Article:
This year almost everything has been worth watching as there have been some superb gymnastics, horse-riding, and other events, with skills that far surpassed those of a century or so ago. Myself am not so interested in the track field events, although this is possibly where we might gain a gold. These start in the second week of the Olympics.

The London stores are complaining that they are getting fewer customers than the expected thousands more this last week. We saw pictures of Regent Street, Oxford Circus with little traffic and hardly any people wandering around. Also many cafes with no-one eating there.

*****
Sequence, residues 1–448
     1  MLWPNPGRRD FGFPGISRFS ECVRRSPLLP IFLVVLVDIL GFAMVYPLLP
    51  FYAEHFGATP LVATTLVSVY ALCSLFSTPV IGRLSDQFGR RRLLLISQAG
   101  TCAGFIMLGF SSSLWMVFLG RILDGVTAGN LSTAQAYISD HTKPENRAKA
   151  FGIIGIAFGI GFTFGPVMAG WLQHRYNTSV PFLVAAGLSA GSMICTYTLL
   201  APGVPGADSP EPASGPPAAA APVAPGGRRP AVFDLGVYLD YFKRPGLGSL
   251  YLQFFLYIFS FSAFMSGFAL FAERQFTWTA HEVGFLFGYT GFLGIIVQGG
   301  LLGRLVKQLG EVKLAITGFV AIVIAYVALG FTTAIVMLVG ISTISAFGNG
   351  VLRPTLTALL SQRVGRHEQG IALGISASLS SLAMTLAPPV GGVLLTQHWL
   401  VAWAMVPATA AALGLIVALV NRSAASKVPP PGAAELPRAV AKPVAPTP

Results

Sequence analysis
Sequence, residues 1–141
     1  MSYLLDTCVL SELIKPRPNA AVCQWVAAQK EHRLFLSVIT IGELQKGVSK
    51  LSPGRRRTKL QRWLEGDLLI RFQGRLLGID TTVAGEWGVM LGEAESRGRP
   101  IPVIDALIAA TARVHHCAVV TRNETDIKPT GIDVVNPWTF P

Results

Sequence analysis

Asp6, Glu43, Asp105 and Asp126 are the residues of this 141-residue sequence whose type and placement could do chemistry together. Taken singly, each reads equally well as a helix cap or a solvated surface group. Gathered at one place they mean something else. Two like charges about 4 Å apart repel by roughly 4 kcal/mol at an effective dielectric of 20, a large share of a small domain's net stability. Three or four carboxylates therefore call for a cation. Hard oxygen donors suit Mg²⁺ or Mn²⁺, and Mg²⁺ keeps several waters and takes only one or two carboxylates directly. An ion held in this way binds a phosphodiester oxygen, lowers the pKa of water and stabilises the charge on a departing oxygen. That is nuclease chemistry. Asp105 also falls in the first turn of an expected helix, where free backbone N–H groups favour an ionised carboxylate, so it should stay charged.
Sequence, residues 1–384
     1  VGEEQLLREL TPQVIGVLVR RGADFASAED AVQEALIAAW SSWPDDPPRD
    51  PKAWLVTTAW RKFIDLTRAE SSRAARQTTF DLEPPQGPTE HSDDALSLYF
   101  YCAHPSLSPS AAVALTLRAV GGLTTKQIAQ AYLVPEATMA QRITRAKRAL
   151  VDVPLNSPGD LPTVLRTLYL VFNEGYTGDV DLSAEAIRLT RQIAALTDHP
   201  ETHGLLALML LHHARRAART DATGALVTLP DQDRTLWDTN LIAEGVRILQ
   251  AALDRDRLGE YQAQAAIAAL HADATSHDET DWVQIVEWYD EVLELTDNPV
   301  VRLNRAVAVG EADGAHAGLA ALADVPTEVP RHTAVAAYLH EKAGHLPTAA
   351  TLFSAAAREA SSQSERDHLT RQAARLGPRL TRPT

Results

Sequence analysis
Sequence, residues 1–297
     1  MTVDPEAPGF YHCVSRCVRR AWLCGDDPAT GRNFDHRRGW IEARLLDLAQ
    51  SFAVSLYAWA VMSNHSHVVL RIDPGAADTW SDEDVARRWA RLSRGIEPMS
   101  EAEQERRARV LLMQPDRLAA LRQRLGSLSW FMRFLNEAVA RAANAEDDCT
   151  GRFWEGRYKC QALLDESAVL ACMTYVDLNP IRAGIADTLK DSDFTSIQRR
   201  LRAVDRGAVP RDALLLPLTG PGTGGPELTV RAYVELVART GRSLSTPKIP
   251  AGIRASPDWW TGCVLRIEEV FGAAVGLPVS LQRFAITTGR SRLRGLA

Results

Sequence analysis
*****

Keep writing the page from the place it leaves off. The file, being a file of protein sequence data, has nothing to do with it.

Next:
A top hotel, charging £500 a night (cashing in on the Olympics no doubt) has reduced its prices to £100, and others have dropped prices by 80%. Their own fault for charging too much in the first place. High prices over the board keep visitors from coming to our shores, not encouraging them.

Those that have come are not here to shop, but to watch the sporting events, so it won't be until the Games are over than people will then start to wander around London, always supposing they have managed to afford an extra week's holiday. If they have then it will be more sight-seeing than spending money in shops for we have to remember there is a financial global recession, not just here.
The only visitors that do come in droves at this time are the wealthy Arabs with their numerous wives, and during Ramadan places like Harrods do a huge trade. Suppose as eating food is denied them during the daytime hours, shopping for clothes and jewellery fill the gap. Not a bad idea. Perhaps I should try this as a way to diet. But first need the money.